Lao Tzu

by Sommers from New London

Lao Tzu (wikipedia.com)
Lao Tzu (wikipedia.com)

The Tao Te Ching is the primary text of the Taoist philosophy and religion. It is commonly accepted that a man named Lao Tzu, which means “Old Sage,” wrote it in the sixth century B.C. Even this seemingly basic fact is a subject of controversy, as the historical records of the time period are scanty at best. Legend has it that Lao Tzu, an older contemporary of Confucius, was a keeper of archives at the Imperial Library in the city of Luoyang in the Honan province of the court of Zhou. Eventually Lao Tzu quit his work and purportedly rode off into the desert on his ox. During his departure he was convinced by a guard at the westernmost gate of the Great Wall to record his teachings. What resulted was the Tao Te Ching, a collection of 81 poems that survives to this day. There is significant scholarly debate regarding the existence, true identity, and actual life events of Lao Tzu, but the fact remains that, real or not, Lao Tzu was responsible for creating the Taoist tradition.

When I was five, my family took me to church for the first time that I can remember, and when I was ten I decided I didn’t believe there was a god. It was something of an issue at the dinner table for several months, because, being raised in a devout Christian family where her father read the bible aloud every night, I think my mother felt guilty for having raised a godless heathen for a son. Heathen or not, my parents loved me and eventually adopted a more open mind with regards to my spiritual development. What followed my rejection of Christianity was a period of searching for something to accept as truth. Given that I was ten, I wasn’t really cognizant of the other available options, but I attended a few meditation groups and Buddhist meetings. They were, on the whole, unsatisfying. During this time period, my father gave me a copy of the Tao Te Ching, which he had been in possession of since his younger and more ridiculous years in the early seventies. Although I didn’t embrace it and become a Taoist scholar on the spot, it was the first abstract set of ideas about the nature of the universe that I didn’t reject immediately.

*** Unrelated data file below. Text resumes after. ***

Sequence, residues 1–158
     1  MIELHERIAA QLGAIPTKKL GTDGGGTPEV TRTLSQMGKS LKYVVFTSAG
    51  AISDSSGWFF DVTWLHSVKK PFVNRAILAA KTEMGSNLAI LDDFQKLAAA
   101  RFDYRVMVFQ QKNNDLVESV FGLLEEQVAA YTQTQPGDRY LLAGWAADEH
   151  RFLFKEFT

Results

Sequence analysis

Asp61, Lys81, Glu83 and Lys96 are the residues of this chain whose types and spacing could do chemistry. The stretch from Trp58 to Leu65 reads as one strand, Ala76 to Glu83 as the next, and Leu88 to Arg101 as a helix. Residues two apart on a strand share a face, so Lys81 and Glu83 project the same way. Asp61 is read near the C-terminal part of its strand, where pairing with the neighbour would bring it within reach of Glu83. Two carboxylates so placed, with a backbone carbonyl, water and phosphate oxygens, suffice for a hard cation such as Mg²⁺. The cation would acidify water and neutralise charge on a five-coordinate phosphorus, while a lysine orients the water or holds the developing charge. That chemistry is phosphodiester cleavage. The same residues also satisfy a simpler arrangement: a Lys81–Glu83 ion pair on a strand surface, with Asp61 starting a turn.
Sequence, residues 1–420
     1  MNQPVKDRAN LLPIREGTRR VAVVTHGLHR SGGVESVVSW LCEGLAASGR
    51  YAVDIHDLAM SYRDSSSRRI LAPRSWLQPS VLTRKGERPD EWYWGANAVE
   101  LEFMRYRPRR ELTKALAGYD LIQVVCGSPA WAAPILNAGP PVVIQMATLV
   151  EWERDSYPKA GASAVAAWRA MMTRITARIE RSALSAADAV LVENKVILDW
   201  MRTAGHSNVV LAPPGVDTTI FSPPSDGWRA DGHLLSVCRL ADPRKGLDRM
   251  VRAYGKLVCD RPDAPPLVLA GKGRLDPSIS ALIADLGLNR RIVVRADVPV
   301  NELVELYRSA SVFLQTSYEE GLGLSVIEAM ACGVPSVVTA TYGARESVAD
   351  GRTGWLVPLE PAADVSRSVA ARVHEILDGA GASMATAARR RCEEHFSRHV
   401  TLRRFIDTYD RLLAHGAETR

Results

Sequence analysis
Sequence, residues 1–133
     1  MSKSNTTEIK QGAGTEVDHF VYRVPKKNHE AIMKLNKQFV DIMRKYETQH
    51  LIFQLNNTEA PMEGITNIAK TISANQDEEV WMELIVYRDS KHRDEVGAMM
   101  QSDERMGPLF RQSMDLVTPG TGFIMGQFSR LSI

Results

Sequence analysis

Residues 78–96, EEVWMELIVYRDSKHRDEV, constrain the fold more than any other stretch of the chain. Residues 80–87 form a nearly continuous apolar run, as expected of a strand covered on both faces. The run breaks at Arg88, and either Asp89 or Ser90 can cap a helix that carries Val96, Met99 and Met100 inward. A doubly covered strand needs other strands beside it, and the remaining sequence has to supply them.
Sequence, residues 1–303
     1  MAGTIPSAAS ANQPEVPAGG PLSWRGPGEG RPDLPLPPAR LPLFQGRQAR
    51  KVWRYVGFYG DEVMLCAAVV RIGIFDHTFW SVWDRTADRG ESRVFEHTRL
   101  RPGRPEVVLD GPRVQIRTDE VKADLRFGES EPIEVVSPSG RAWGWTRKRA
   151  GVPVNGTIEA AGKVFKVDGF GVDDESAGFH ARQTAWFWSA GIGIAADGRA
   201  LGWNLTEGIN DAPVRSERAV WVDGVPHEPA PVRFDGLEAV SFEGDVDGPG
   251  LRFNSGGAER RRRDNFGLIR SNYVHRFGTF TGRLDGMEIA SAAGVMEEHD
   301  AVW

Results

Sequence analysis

From that point until the end of high school I would read the book from time to time and appreciate a stanza here or a line there, but never spent too much time thinking about what it was actually saying. All my life I have appreciated nature as the proper order of things or as a model for the way things should be; nature is perfect. For this reason, scientific explanations of the universe and transcendentalist writings about the glory of nature became increasingly important for me. It wasn’t until I reached college and began more serious contemplations about the nature of existence that I began to value the Tao Te Ching and Taoist philosophy.

Beyond simply adding a new layer of understanding to my perpetually developing concept of reality, it also added a non-dogmatic set of suggestions on how a person might lead a more fulfilling life. Lao Tzu believed that by following “the Tao,” loosely translated as “the Way,” a person could lead a life of contentment, and that by sharing it, one could help others do the same. At that point in my life I was just glad to have finally decided that there was some semblance of order to the universe, even though it might be difficult to comprehend or keep in mind at all times.